On a day full of prayer and celebration, the Rt. Rev. Sean W. Rowe, bishop of Northwest Pennsylvania and bishop provisional of Western New York, was elected to be the 28th Presiding Bishop of The Episcopal Church. The election, which was decided on the first ballot, took place during the 81st General Convention in Louisville, Kentucky, where on Wednesday at mid-morning, members of the House of Bishops walked from the Kentucky International Convention Center to nearby Christ Church Cathedral to cast their votes. Their decision was made by noon, with the announcement held until after a lunch break, sparking much excited speculation among members of the House of Deputies (HOD), visitors, and the press.

When it was announced, the news was greeted with elation in the HOD, which confirmed the bishops’ vote by a 95-percent majority. Here is what some members of the Maine deputation had to say about the presiding bishop-elect

  • “The energy! He’s been a bishop for 17 years and now he’s going to be our presiding bishop—the man is a saint.” — Deputy Richard Rozene
  • “I was elated. I’m very excited about what he’s going to be capable of getting done for us.” — Rev. Joshua Hill
  • “I’m delighted about the new presiding bishop. I’ve heard from several different people who worked with him. They all sing his praises regarding his ability to be forward thinking, an excellent administrator, and easy to work with.”  — Rev. Lisa Fry
  • “I think it’s a real blessing for the church that he was elected on the first ballot; it’s a real mandate for him. I can’t wait to see what the future has [in store for] for The Episcopal Church.” — Deputy Mark Spahr

At 49, Bishop Rowe is the youngest presiding bishop ever elected, he was also the country’s youngest Episcopal priest when he was ordained at 24, and became the denomination’s youngest bishop at 32. He will begin his nine-year term on Nov. 1. Read more about the presiding bishop-elect and the election process here.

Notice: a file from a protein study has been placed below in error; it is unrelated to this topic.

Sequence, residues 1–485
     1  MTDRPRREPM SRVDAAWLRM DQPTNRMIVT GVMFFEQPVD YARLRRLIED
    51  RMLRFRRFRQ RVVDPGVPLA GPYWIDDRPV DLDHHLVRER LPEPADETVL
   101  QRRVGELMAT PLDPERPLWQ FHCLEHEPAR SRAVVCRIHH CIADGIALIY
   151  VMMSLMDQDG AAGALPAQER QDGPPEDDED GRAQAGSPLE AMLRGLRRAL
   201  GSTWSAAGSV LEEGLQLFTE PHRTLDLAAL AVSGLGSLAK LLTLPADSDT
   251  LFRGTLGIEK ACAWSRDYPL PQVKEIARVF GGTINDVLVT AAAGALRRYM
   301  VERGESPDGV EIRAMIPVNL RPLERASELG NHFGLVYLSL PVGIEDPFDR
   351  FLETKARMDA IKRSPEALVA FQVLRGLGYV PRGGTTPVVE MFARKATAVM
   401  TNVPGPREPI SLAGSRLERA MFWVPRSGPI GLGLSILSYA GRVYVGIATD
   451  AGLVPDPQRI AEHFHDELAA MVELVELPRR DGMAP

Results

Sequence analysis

In his address to the HOD, which you can watch here, Rowe expressed gratitude to his fellow nominees, stressed that a willingness to take risks and embrace change was key to the future of the church, and urged the HOD to “hold our structure lightly,” with an eye on providing more church resources for dioceses, “where ministry happens on the ground.” He suggested that the time between now and his installation on Nov. 1 be considered as “a kind of relational jubilee,” where anger and resentments built up during the pandemic and post-pandemic years be forgiven “for the sake of the gospel of Jesus Christ.”

Rowe finished his speech with a quote from “Conjectures of a Guilty Bystander,” by theologian Thomas Merton, who spent much of his life in Kentucky.

“In a time of drastic change one can be too preoccupied with what is ending or too obsessed with what seems to be beginning. In either case one loses touch with the present and with its obscure but dynamic possibilities. What really matters is openness, readiness, attention, courage to face risk. You do not need to know precisely what is happening, or exactly where it is all going. What you need is to recognize the possibilities and challenges offered by the present moment, and to embrace them with courage, faith, and hope. In such an event, courage is the authentic form taken by love.”

Photo by Randall Gornowich

Bishop Brown walking with his fellow bishops to Christ Church Cathedral in Louisville, Kentucky, to vote for the 28th Presiding Bishop of The Episcopal Church. Photo by Randall Gornowich